Thank you for sharing your thoughts and poetry. I think there's a lot of potential in the combination of art and ethnographic research. There are certainly a lot of things that aren't best conveyed in the standard prose of a journal article.

If I can offer some ideas, I think there are a few things worth considering, if you decide to continue working in this area. To begin, I think presenting these individuals' points of view as "hallucinations" is somewhat troubling, to the extent that it dismisses their ability to decide what is real to them. It's also something I don't imagine they would appreciate. Spending more time with the people you're talking to, seeing where their analyses are coming from, what kinds of experiences inform how they see the world should help to situate what they share with you.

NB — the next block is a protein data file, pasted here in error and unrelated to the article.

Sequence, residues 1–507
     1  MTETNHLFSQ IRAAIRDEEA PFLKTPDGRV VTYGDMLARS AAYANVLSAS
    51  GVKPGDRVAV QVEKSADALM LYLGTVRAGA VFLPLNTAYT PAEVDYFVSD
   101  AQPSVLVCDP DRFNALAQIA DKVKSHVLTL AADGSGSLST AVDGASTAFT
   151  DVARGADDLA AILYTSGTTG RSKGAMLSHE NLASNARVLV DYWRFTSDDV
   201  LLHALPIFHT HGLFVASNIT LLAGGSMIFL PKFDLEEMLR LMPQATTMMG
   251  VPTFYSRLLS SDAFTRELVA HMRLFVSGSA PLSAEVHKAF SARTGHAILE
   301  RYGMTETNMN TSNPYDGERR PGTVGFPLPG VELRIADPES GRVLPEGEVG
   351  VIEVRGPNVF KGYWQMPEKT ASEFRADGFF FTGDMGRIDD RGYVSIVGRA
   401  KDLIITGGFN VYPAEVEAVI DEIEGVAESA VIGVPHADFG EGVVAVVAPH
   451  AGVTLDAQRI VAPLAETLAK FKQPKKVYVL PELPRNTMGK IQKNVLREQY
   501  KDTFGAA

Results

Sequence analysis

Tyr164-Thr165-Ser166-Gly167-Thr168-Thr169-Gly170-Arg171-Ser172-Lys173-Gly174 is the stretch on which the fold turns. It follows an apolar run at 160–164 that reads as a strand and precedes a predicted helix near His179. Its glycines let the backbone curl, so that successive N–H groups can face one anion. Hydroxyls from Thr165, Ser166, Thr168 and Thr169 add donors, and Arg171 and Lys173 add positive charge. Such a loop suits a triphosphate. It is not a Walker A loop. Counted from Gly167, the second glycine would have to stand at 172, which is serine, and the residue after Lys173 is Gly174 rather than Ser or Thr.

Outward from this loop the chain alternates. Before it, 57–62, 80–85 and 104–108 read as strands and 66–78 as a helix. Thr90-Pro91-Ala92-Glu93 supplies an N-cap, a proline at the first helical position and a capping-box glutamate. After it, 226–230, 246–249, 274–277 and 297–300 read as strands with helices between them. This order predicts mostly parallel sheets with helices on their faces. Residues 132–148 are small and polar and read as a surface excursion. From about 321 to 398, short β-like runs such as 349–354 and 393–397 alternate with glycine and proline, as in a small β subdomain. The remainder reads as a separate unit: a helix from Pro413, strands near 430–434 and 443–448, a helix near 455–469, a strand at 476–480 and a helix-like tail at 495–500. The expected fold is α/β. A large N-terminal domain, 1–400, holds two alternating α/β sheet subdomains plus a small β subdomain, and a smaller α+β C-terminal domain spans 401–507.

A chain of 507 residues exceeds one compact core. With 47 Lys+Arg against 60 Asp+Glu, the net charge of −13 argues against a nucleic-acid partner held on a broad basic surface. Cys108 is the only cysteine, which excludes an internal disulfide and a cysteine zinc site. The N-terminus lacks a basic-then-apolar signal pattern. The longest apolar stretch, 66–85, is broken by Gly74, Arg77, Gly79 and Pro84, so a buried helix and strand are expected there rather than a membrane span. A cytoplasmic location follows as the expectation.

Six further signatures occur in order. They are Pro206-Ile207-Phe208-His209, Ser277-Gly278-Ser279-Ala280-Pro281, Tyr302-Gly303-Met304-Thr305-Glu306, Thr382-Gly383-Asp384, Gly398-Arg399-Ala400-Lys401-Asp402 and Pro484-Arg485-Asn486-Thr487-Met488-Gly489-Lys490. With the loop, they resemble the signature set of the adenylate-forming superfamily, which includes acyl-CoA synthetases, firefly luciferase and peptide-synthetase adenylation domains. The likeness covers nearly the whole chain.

Second, the scene with the description of the individual running to catch the bus conveys a great deal about the author's assumptions and preferences of speech and skirt-length, but takes much less seriously the person them self. We find out, through her diatribe to the bus audience, that she does sex work, but other things she mentions aren't as thoroughly-described. Even if some of the people which you might interact with are sex workers, they also do other things (take the bus, run errands, make dinner, listen to Tchaikovsky, etc) and I think it would be important to explore the context in which sex work forms a part of their lives.

The section about asian beggars and black prostitutes is also something worth unpacking. In addition to being borderline racist (or at least heavily-stereotyped), leading with these kinds of assumptions is sure to influence if not severely-limit what you're able to come up with in any kind of project.